Mark Evanier
 

Born 3/2/52 in Santa Monica, California. Mark is one of those people who made the long, hard struggle to Hollywood all the way from West Los Angeles. "Evanier" (pronounced ev-uh-near) is not French; it was probably made up by some Immigration Officer at Ellis Island one day who said, "Hey, here come some more Jews! Let's give them real stupid last names!" He prefers being on a first name basis with everyone if only because "Mark" is easier to spell.

His father had the worst job in the world: He worked for the Internal Revenue Service. Hated it. As a result, he urged his only kid to do whatever he wanted to in life, as long as he loved it. At about age eight, Mark decided he would love to be a professional writer and that, by God, was that. He has never had a "Plan B" since. His decision was only reinforced when The Dick Van Dyke Show debuted and he jumped to the conclusion, sadly erroneous, that all writers get to sleep with women who look like Laura Petrie.

Mark started reading 'n' collecting comic books shortly after he got out of the womb but didn't figure on them for a career since the business, he thought, was wholly in New York and didn't cotton to outta-towners. It turned out that was only partly true — and would become even less true as the years went by. He graduated high school in '69, became a professional writer about a week later when he sold a mess of articles to a couple of local magazines, and have never been without work since.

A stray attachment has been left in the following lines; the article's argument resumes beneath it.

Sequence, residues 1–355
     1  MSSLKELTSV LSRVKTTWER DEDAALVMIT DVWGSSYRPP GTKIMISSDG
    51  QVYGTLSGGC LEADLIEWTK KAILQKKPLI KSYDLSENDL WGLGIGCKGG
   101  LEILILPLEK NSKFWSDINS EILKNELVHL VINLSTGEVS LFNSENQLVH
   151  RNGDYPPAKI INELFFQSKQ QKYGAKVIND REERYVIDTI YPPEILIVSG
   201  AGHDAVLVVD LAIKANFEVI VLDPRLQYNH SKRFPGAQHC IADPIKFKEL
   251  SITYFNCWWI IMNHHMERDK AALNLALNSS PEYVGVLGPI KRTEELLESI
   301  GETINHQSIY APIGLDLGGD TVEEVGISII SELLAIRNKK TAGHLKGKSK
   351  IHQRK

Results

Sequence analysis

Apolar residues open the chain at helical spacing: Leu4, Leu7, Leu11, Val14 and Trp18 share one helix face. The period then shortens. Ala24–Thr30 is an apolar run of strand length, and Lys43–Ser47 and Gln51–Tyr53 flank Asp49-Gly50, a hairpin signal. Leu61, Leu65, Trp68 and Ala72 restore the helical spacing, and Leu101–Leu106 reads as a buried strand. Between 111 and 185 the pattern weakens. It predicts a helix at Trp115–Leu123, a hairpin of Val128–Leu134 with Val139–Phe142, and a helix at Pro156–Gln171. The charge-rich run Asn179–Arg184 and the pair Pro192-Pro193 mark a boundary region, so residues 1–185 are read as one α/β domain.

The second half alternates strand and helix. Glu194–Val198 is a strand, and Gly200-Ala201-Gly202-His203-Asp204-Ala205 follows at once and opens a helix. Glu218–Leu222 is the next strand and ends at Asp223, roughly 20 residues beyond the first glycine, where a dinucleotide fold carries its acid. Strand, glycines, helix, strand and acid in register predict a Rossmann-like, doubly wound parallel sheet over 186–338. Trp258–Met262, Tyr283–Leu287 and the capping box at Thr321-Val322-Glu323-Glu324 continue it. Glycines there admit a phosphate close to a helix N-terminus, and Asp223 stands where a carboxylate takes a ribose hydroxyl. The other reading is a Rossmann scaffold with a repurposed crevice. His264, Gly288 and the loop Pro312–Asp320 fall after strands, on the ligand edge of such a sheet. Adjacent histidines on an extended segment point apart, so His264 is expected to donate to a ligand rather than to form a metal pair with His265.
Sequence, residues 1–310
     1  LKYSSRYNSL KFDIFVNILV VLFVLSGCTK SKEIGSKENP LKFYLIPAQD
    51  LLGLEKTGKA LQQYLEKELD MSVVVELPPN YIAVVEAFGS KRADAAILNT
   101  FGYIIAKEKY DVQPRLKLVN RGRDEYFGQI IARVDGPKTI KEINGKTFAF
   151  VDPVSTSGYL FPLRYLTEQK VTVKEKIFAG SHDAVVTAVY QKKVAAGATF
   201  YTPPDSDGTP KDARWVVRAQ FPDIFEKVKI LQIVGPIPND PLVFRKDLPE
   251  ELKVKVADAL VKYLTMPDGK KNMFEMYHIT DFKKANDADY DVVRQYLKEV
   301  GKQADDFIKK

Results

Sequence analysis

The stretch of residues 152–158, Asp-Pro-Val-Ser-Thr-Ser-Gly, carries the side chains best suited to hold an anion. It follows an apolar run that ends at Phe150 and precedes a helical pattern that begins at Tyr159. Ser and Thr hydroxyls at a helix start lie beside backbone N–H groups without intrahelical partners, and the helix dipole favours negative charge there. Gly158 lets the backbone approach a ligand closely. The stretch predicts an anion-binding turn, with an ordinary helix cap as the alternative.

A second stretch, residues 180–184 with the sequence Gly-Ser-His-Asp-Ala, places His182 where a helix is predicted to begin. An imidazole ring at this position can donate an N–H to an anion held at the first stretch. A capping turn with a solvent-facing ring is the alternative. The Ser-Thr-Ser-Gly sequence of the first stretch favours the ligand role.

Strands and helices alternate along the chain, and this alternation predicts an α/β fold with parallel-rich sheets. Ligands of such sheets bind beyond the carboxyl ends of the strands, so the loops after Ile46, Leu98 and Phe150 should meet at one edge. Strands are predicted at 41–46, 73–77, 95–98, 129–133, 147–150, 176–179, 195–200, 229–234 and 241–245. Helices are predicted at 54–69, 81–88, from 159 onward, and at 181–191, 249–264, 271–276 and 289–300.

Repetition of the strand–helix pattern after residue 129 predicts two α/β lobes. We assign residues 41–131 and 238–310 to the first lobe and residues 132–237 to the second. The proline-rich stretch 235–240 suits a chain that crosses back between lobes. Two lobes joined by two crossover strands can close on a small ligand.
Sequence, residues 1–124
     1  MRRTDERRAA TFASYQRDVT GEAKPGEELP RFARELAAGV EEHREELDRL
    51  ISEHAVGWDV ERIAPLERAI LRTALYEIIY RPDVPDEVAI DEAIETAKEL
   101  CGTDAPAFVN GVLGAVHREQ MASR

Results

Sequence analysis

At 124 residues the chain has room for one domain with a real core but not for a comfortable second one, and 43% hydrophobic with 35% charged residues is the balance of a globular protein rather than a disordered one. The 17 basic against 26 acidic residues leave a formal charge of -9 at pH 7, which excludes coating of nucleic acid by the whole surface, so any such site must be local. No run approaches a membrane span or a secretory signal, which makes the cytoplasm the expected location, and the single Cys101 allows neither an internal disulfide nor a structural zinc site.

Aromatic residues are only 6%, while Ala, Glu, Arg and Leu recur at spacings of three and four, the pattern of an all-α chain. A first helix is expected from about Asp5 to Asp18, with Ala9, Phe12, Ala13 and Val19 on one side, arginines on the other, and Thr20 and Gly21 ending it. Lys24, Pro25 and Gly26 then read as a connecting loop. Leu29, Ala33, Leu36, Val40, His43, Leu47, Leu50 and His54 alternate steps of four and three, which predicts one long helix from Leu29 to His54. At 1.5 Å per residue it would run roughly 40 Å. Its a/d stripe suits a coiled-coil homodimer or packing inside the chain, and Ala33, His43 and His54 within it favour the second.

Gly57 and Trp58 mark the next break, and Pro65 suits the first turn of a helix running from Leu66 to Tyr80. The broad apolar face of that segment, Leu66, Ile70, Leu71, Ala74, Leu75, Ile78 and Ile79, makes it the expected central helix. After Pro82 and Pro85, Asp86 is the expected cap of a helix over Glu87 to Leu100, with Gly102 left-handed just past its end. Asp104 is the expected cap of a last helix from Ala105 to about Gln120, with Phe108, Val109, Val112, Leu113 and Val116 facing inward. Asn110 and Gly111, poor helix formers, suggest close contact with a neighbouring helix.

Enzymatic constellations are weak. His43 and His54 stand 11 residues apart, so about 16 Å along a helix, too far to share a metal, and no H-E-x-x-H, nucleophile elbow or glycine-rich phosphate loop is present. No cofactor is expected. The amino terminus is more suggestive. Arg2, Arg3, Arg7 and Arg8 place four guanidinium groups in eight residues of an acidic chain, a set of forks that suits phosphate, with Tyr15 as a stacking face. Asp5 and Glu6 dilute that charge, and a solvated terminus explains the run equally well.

The week after his first sale, Mark met Jack Kirby, one of the true geniuses of his lifetime. Soon after, Jack asked Steve Sherman and Mark if they would like to become his assistants. They thought it over for, oh, about three seconds before agreeing. There was never any money in the job, but to "apprentice" like that was invaluable, for reasons he is still coming to understand. You may too if you read a book Mark wrote, Kirby: King of Comics, which came out in 2008.

About the same time he started working for Jack, Mark started writing foreign comics for Disney Studios — that is, stories of Donald Duck and Goofy that were published overseas. This led to his writing stories for the American Disney comics, which were then published by Western Publishing Company, aka Gold Key Comics. This, in turn, led to Mark working on other Gold Key Comics — primarily the Warner Brothers characters (Bugs, Daffy, Porky, et al) but also Woody Woodpecker, Scooby Doo and others. It was on Scooby Doo that he was first teamed with one of his favorite artists, Dan Spiegle. Dan and Mark worked together for over a quarter of a century after that.

Around '74, Mark spent a year running an overseas comic book division for the Edgar Rice Burroughs estate, writing comics of Tarzan and Korak (the latter drawn by Mr. Spiegle) and he also met a very fine writer from Pittsburgh named Dennis Palumbo, who'd moved to L.A. to try his hand at TV work. As young comedy writers tend to come in pairs, they decided to team up and try to get work. They wrote for The Nancy Walker Show (it was cancelled in 13 weeks), they wrote for The McLean Stevenson Show (it was cancelled in 6), they sold a series to CBS (it never got on) and then they got hired as story editors for Welcome Back, Kotter and wrote a few other things that did okay.